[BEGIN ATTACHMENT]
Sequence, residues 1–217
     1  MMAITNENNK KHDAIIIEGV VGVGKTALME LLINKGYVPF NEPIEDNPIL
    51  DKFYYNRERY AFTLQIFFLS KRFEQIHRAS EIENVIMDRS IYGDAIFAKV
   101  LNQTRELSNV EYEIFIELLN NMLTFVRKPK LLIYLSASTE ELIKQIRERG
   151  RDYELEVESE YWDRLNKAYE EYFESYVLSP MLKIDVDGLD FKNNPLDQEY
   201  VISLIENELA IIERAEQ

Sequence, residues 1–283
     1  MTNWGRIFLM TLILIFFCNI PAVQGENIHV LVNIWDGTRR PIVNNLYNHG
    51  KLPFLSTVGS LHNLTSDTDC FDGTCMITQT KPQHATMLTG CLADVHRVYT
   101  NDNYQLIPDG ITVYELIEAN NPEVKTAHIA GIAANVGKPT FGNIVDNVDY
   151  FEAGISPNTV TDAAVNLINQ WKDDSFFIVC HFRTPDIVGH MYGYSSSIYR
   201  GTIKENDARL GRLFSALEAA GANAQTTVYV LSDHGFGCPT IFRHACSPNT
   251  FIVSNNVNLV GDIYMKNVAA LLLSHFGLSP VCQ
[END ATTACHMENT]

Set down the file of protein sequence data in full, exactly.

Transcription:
Sequence, residues 1–217
     1  MMAITNENNK KHDAIIIEGV VGVGKTALME LLINKGYVPF NEPIEDNPIL
    51  DKFYYNRERY AFTLQIFFLS KRFEQIHRAS EIENVIMDRS IYGDAIFAKV
   101  LNQTRELSNV EYEIFIELLN NMLTFVRKPK LLIYLSASTE ELIKQIRERG
   151  RDYELEVESE YWDRLNKAYE EYFESYVLSP MLKIDVDGLD FKNNPLDQEY
   201  VISLIENELA IIERAEQ

Sequence, residues 1–283
     1  MTNWGRIFLM TLILIFFCNI PAVQGENIHV LVNIWDGTRR PIVNNLYNHG
    51  KLPFLSTVGS LHNLTSDTDC FDGTCMITQT KPQHATMLTG CLADVHRVYT
   101  NDNYQLIPDG ITVYELIEAN NPEVKTAHIA GIAANVGKPT FGNIVDNVDY
   151  FEAGISPNTV TDAAVNLINQ WKDDSFFIVC HFRTPDIVGH MYGYSSSIYR
   201  GTIKENDARL GRLFSALEAA GANAQTTVYV LSDHGFGCPT IFRHACSPNT
   251  FIVSNNVNLV GDIYMKNVAA LLLSHFGLSP VCQ